Front Page Titles (by Subject) Hamilton's Concept of a Unified America - Liberty, Order, and Justice: An Introduction to the Constitutional Principles of American Government
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Hamilton’s Concept of a Unified America - James McClellan, Liberty, Order, and Justice: An Introduction to the Constitutional Principles of American Government 
Liberty, Order, and Justice: An Introduction to the Constitutional Principles of American Government (3rd ed.) (Indianapolis: Liberty Fund, 2000).
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Hamilton’s Concept of a Unified America
For Hamilton, neither the New Jersey Plan nor the Virginia Plan went far enough. He made it clear that he desired for the United States a completely centralized government resembling that of England, one able to restrain “the amazing violence and turbulence of the democratic spirit.” He hoped for an orderly America led by able men of property, and he expected the United States to become a great commercial and industrial power. The nation’s government, he suggested, should be designed for such a future.
Therefore Hamilton proposed to give the national legislature “power to pass all laws whatsoever.” His legislature would consist of two houses, of which the members of the upper house, a senate, would be chosen by electors—and those electors themselves were to be chosen by other electors whom the people would choose. The executive was also to be chosen by electors, who in turn would be chosen by other electors, and would be elected for life—as would be the members of the upper house. The executive would have an absolute veto over all legislation.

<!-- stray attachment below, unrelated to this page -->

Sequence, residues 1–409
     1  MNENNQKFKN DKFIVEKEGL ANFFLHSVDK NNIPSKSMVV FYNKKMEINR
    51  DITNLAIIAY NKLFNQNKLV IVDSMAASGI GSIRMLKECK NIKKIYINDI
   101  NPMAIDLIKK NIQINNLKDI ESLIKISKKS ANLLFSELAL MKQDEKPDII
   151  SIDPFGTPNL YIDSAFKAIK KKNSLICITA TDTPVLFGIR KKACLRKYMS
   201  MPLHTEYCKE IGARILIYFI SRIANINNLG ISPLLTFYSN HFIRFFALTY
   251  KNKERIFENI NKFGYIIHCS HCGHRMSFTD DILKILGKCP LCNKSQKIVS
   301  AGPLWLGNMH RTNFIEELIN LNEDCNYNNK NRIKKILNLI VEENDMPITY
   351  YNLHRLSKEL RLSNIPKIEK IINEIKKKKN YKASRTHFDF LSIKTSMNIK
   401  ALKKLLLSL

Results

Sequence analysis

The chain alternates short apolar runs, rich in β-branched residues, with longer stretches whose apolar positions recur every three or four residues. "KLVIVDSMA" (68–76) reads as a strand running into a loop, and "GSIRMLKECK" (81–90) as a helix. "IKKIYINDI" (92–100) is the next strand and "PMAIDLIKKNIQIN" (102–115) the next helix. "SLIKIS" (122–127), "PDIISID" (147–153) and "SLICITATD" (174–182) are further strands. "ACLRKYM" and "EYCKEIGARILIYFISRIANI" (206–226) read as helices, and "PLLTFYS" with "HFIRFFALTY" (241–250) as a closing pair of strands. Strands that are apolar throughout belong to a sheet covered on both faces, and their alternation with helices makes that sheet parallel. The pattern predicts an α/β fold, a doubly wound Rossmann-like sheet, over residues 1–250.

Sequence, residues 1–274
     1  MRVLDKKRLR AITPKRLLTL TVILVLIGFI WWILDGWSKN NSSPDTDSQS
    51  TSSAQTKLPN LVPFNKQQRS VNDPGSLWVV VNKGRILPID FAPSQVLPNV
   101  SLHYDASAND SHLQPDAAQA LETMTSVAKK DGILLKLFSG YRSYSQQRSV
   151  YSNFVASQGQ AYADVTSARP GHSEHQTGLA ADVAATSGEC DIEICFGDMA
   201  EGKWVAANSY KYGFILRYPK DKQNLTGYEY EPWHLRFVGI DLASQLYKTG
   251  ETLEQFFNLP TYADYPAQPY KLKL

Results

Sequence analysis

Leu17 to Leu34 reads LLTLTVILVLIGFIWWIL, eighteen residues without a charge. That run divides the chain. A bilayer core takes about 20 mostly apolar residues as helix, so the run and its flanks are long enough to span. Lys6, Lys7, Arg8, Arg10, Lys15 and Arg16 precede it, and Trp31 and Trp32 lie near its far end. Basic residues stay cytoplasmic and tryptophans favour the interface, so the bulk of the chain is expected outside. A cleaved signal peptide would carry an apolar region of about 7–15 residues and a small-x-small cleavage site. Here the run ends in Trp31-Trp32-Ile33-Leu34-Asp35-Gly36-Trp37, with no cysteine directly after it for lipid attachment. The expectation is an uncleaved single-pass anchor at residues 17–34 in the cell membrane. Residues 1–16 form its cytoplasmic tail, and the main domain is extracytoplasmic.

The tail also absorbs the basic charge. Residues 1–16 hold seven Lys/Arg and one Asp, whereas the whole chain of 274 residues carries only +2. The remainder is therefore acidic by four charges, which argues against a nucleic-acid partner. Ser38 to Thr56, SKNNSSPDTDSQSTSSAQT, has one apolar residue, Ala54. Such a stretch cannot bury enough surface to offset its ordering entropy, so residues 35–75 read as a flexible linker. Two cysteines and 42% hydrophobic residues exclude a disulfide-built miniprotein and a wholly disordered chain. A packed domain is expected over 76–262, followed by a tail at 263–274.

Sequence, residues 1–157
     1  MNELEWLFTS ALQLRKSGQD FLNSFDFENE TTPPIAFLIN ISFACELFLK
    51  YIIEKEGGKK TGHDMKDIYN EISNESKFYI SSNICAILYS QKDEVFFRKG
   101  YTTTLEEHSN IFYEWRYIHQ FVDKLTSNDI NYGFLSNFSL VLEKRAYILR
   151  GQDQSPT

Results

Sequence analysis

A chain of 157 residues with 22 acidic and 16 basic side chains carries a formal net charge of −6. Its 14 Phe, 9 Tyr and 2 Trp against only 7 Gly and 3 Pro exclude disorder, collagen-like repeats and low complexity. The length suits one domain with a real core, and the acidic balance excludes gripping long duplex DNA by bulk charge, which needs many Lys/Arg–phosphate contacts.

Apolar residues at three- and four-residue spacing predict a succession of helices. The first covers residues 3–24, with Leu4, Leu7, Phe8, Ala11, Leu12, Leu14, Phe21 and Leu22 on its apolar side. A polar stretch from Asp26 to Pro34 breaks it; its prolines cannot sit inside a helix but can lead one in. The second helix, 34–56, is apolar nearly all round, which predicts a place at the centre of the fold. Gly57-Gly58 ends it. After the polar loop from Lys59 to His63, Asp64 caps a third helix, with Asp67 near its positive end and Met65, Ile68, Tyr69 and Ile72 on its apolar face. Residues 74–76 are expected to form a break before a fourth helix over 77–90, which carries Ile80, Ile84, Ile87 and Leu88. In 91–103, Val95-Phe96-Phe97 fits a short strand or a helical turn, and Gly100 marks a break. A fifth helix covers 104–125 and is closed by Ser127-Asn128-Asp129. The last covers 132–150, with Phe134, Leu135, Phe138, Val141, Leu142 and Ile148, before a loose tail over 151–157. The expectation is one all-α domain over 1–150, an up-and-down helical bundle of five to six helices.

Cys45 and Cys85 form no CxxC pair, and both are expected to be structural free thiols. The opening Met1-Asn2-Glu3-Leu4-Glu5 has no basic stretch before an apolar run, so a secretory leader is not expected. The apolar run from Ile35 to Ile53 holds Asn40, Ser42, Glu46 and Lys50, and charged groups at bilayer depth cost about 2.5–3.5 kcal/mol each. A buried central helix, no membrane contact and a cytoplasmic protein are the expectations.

As for the States, they would be reduced to agencies of the central government, although they would retain their own legislatures. But each State’s governor would be appointed by the central government, and would have power of the veto over all State legislation.
This scheme would never have been accepted by the public in 1787. Indeed, it was not accepted by any of Hamilton’s colleagues at the Convention. Not long thereafter, Hamilton returned to New York. His real role in the development of American constitutionalism would soon be his masterful contribution to the essays of The Federalist, and his commanding role in President Washington’s administration.
Hamilton did not propose to establish a monarchy, although some of his political adversaries accused him of intending to do just that. Though personally very courageous, Hamilton dreaded the power of mobs. There had been much unrest in several States after independence was secured, including the burning of court houses, confiscation of property, debasement of the currency, and Shays’ Rebellion. Hamilton therefore sought as far as possible to remove political power from the control of the ignorant masses, and to place it in the hands of more responsible citizens. He believed that an all-powerful government was necessary to control lawless and unruly citizens. But his plan would have been even less acceptable to most Americans of that day than the one proposed by the Virginia delegates, and so nothing more was said about it at the Convention.